Category Archives: Atheism

Does Love Exist? The Burden Of Proof.

When I say, “I love my family,” most people respond, “That’s wonderful!”  When I say, “There is a God,” many people demand, “Prove it scientifically!  You now bear the burden of proof!”  Yet, there is more empirical evidence to support the existence of God than my love of family.  Why such doubt and skepticism about God?

It is complained that “Religion has caused wars, deaths and oppression.”  Has not love triggered the jealousy of many a murderer?  Has not love broken the hearts of people and led to crimes of passion?  Was it not love for a beautiful woman that launched a thousand ships and led to the destruction of Troy?  Isn’t it love that people seek after, often to the point of despair and anguish?  Isn’t it really a longing to love and to be loved that imprisons and oppresses many a heart?  Why do we not hear anyone demanding that the existence of love be proved scientifically?  Why has the burden of scientific proof not been placed on those who love?

Can love ever be scientifically proven to exist?  Is it simply a chemical reaction or a firing of nerves?  Where does love come from?  What exactly is a “broken heart?”  How many people would be satisfied by a scientific explanation of why their lovers were unfaithful to them?  Is love simply an evolutionary adaptation for human mating?  Why am I able to love people that I cannot or will not mate with?  Why am I able to feel love, or affection or sentiment towards a childhood toy?  Why form attachments to inanimate objects or places?  When I say, “I love being here,” no one responds, “Prove it!”

A woman may want a man to prove his love for her.  He may try with all his might to no avail, or he might succeed.  The outcome depends on the woman and her level of trust.  Different people will draw different conclusions.  Does he love her or not?

It has been hypothesized that there is no such thing as pure altruism.  Every good deed has an ulterior motive no matter how generous or self sacrificing it may be.  A good deed is partly done to make the doer feel “good” in even the slightest way.  Hence, the act is not purely altruistic, since it contains the least bit of selfishness.  So, can love really exist at all?  Are we all just walking around foolishly believing in something that does not even exist?  “No,” says the lover.  “My love is real.”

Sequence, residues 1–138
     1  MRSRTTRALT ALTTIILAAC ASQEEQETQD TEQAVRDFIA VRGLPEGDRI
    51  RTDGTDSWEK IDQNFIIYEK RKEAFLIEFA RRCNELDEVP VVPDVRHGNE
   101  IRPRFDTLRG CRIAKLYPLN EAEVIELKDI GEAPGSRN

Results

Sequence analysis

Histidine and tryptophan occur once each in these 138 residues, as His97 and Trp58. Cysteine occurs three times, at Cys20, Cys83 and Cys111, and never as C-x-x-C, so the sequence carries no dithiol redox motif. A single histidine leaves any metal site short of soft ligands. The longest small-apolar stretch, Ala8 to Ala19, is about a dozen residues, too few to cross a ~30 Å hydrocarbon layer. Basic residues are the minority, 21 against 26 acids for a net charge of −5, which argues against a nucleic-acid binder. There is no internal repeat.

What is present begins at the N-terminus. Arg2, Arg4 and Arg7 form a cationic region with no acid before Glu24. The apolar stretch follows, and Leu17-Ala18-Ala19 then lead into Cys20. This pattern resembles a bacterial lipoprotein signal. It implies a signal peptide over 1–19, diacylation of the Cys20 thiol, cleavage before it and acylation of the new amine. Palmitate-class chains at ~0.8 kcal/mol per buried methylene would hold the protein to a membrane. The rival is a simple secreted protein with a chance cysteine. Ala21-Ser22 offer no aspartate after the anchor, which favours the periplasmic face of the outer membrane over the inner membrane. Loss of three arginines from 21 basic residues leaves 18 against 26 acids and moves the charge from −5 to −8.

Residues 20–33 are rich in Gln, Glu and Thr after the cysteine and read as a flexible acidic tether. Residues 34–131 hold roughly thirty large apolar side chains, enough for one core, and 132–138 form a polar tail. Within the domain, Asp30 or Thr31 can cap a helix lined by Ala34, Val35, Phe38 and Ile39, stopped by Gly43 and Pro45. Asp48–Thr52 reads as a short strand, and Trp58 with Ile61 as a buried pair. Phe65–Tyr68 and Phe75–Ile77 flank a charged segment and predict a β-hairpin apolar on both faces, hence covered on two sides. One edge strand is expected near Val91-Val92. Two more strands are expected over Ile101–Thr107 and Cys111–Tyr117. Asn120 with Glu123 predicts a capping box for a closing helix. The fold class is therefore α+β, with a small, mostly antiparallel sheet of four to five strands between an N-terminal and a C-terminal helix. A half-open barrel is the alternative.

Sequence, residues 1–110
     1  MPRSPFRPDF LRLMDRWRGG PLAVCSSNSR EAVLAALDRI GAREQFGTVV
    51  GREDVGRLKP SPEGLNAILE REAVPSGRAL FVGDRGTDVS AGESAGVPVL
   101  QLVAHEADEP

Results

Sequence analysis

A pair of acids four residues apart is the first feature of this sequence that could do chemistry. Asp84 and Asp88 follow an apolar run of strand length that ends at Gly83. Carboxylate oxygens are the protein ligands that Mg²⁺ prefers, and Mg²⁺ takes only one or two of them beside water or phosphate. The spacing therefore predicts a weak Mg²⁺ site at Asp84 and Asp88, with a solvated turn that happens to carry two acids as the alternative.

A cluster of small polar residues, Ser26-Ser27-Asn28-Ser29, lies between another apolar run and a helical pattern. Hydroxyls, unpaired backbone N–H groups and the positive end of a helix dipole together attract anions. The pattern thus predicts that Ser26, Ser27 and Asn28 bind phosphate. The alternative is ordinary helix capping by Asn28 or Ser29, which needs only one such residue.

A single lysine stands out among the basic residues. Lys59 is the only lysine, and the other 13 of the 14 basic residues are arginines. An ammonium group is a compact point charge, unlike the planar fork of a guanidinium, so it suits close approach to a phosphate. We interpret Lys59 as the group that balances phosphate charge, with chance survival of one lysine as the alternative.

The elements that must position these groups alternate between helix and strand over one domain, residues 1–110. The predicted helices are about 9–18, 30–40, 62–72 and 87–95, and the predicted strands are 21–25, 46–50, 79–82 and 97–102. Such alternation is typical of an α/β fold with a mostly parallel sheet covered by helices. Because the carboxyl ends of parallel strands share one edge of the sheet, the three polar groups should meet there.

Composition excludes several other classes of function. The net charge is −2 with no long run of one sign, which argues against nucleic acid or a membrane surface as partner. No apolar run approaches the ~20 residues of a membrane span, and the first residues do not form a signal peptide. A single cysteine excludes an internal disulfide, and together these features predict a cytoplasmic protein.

The belief in love is not based on science but on faith.  We give and receive love in good faith, all the while risking the possibility of a broken heart.  Why is it so hard, then, to believe in God?  The poet who writes, “I’ll say goodbye to love” has done so from a broken heart.  Those who reject love have been hurt.  I think the same applies to God, for God is love.  God does not cease to exist, but, in our wounded state, we may reject his existence.  Science cannot resolve such a dilemma any more than it can conclusively determine if, or exactly how much, I love my family.

Atheism And Thanksgiving

Gratitude is similar to a gift.  Without a recipient, it ceases to be.  I cannot give a gift to “no one.”  The very act of calling it a gift presupposes that it has an intended recipient.  The same is true for gratitude.  If there is no one to direct the gratitude to, it must be something other than gratitude, for gratitude requires someone to be a recipient.

An atheist can experience and express gratitude, but only on a limited basis.  For example, an atheist can be grateful to the gardener for planting flowers, but not for the flowers themselves.  Why?  Because the gardener did not create the flowers, she merely manipulated what was already in existence, even if she planted the seeds.  It is folly to direct gratitude towards “nature” because nature is not capable of receiving gratitude.  Whatever the atheist may feel about the existence of the flowers, it is not true gratitude until it can be directed at “someone.”  Nature is not “someone” although attempts have been made to personify it (Mother Nature).  It is also useless to thank “the universe” because the universe is not “someone,” either.

An atheist can be grateful to a spouse, but not for a spouse.  It is one thing to say, “Thank you for loving me and for marrying me,” but quite another to say, “Thank you for existing.”  One might thank one’s in-laws by saying, “Thank you for conceiving my spouse,” but that also falls short.  The in-laws did not create the life within one’s spouse, they were merely instruments used in the process.

An atheist can say to a doctor, “Thank you for saving my life.”  But there is no one an atheist can thank for life itself.  Once the atheist begins to express gratitude for life itself, the atheist has consciously or subconsciously acknowledged that there is “someone” able to receive that gratitude.  Until we imagine there is someone we might give something to, we do not call that thing a “gift.”  Until we imagine there must be someone to thank, we do not call it “gratitude.”

If one is truly grateful for life itself, there is no point in calling oneself an atheist, for one has already, to some degree, yielded to the One who transcends us.